Edwards (CA) – NASA’s Endeavour space shuttle and its crew landed on Sunday at 4:25 pm EDT at Edwards Air Force Base in California, concluding the 16-day STS-126 mission.
Poor weather conditions in Florida delayed the landing twice, but Chris Ferguson, who commanded the flight, pilot Eric Boe and mission specialists Donald Pettit, Steve Bowen, Heidemarie Stefanyshyn-Piper and Shane Kimbrough and flight engineer Greg Chamitoff touched down on Sunday at 4:25 pm EDT. Endeavour was originally planned to return to Kennedy Space Center, but wind rain and thunderstorms prevented two landings in Florida, which had been scheduled for 1:19 pm EDT and 2:54 pm EDT.
Flight engineer Sandra Magnus, who flew to with the team to the International Space Station (ISS) on November 14, stayed at the ISS and is expected to return with the next flight and mission STS-119, which is currently planned to take of on or around February 12, 2009. Magnus replaced Chamitoff at the ISS.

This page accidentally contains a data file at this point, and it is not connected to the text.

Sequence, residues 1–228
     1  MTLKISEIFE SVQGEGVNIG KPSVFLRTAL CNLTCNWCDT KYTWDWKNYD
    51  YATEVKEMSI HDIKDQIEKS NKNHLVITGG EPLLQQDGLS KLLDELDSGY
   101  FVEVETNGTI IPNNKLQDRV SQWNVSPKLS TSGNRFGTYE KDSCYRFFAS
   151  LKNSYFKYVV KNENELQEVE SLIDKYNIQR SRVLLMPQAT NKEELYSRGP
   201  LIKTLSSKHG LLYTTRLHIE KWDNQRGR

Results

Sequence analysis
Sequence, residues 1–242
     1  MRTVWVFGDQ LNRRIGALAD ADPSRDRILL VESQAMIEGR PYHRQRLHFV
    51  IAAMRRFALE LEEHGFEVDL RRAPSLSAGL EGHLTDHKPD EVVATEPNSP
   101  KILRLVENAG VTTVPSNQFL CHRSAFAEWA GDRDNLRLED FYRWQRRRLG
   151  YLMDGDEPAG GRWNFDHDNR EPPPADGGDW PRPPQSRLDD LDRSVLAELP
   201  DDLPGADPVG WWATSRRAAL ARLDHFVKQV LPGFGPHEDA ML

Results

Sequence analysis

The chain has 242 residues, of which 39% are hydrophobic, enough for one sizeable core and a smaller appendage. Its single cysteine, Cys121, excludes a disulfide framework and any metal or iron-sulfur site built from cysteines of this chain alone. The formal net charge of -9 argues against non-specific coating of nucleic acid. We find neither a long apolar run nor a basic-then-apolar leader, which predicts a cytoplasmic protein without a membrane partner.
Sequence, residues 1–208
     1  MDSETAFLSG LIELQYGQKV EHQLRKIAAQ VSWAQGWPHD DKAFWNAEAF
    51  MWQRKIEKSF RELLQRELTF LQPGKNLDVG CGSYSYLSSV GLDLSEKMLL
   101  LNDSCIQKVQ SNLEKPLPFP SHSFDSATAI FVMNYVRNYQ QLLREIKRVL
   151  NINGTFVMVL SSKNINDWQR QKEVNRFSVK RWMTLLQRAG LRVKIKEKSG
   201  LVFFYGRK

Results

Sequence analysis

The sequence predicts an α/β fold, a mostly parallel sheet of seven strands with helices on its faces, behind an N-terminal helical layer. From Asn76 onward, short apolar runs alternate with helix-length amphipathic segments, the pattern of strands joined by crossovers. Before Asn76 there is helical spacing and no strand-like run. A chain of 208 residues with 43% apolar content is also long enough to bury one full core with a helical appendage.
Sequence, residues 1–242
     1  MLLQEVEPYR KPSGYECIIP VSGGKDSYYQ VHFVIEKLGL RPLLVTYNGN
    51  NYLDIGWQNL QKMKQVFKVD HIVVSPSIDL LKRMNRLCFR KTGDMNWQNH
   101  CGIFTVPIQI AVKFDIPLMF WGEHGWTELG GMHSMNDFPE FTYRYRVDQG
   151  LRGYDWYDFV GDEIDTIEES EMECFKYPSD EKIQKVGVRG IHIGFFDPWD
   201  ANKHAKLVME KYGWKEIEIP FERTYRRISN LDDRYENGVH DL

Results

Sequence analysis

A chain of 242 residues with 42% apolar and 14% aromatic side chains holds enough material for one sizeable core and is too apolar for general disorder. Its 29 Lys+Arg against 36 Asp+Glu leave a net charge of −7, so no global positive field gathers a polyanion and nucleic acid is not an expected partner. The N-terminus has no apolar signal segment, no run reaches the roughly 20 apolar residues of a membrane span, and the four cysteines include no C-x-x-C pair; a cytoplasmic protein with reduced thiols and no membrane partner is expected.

Endeavour will be transported approximately 2500 miles from California to Florida on the back of a modified 747 jumbo jet in “seven to ten days”. The cost of this transport is estimated at $1.7 million. Once at Kennedy Space Center, Endeavour will be separated from the aircraft to be prepared for its next flight, targeted for May 2009, NASA said.
The Sunday landing ended a 6.6 million mile journey and a “successful” mission. It included repair work and enables the ISS to house six crew members on long-duration missions beginning next year. The new station equipment includes a water recovery system, additional sleeping quarters, a second toilet and an exercise device. During four spacewalks, the crew serviced the station’s two Solar Alpha Rotary Joints, which allow its solar arrays to track the sun, and installed new hardware that will support future assembly missions. Among the unexpected events was the loss of a $100,000 tool bag that floated away into space.
STS-126 was the 124th space shuttle mission, the 22nd flight for Endeavour and the 27th shuttle visit to the ISS.
On STS-119, the shuttle Discovery is planned to deliver a final pair of U.S. solar arrays, which will be installed on the starboard end of the station’s truss. The truss serves as the backbone support for external equipment and spare components, NASA said.